Lysa TerKeurst Talks Unresolved Personal Pain and Her Journey of Forgiveness in New Book “Forgiving What You Can’t Forget”
Prominent women’s ministry leader Lysa TerKeurst is the first to admit she struggles with forgiveness.
“I’m actually quite resistant to forgiveness,” the popular Bible teacher who leads Proverbs 31 Ministries admitted in an interview with The Christian Post. “I found myself stuck in feeling like some of the unchangeable things in my life were unforgivable. Unchangeable can feel so unforgivable because someone’s done something in your life, and they can’t fix it, they can’t make it go back to the way that it was.
“And that unchangeable nature can feel so unforgivable because even if the person was willing to make it right, they can’t make it right. And that hopelessness can really lead you to some deep, dark places.”
It wasn’t until she acknowledged her pain that she was able to begin the journey of forgiveness — a revelation TerKeurst said was both life-changing and empowering. She wrote out her grievances on note cards, fully acknowledged what had happened, and said aloud, “I deserve to stop suffering because of what’s been done to me.”
“Something in me shifted when I started with my pain,” she shared. “I realized, forgiveness is not this unfair gift that I have to give to the person who hurt me. Forgiveness is the decision that I get to make. It’s a step toward my healing. So ultimately, it’s God’s gift to me so that I can heal.”
The mother-of-five shares her personal journey of acknowledging her pain and walking through biblical forgiveness in her new book,Forgiving What You Can’t Forget. The book is a follow-up to her bestselling 2018 title, It’s Not Supposed to Be This Way.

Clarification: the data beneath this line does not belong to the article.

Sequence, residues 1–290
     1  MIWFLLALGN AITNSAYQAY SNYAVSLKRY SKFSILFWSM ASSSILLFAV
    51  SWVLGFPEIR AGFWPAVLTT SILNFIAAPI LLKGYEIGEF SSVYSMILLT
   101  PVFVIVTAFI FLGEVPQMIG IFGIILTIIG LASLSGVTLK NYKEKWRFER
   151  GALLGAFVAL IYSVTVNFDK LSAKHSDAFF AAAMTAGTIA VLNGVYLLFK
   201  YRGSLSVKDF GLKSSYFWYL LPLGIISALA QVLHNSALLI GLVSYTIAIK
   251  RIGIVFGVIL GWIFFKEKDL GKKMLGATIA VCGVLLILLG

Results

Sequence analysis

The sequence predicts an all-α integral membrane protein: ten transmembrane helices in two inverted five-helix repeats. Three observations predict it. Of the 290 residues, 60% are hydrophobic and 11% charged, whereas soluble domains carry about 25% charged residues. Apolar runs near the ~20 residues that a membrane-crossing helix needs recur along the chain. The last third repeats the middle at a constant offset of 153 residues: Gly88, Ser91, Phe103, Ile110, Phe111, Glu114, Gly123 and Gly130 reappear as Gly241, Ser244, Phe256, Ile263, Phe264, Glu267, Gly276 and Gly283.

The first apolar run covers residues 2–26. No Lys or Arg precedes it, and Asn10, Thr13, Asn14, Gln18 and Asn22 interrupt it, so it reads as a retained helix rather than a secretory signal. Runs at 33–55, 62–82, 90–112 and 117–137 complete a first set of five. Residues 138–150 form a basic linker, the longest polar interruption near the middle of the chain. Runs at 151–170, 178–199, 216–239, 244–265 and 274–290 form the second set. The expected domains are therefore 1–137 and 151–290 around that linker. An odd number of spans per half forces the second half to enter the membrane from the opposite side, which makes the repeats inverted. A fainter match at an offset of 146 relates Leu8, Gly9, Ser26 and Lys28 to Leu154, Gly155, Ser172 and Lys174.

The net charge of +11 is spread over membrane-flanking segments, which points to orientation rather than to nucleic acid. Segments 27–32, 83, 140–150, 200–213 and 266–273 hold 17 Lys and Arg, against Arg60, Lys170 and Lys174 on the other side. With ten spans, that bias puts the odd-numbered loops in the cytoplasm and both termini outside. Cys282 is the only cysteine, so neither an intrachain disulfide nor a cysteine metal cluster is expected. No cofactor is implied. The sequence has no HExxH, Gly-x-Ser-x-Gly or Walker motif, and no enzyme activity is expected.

“This is for those who are struggling with unresolved pain and can’t see a way forward,” she said. “To some extent, we think that resentment or that residual anger in some weird way protects us from getting hurt again.”
“But it’s not real protection. It’s like fake protection because eventually, it turns us into someone we don’t want to be. It brings out the worst of us, an unhealed version of us. When an untended hurt sits in the human heart too long, it has such a tendency to turn into versions of hate. It’s so important that we give people this understanding that you don’t have to be stuck in your pain.”
TerKeurst knows firsthand the sting of betrayal, public pain, and heartbreak. In 2016, her world was shattered when her husband of 25 years, Art, had an affair and revealed his struggle with addiction.
Initially, the popular speaker and author announced the couple would be divorcing due to “the worst kind of betrayal.” It was, she previously told CP, an “excruciatingly painful” time in her life. But after working to restore their marriage, the TerKeursts renewed their vows in a ceremony attended by friends and family.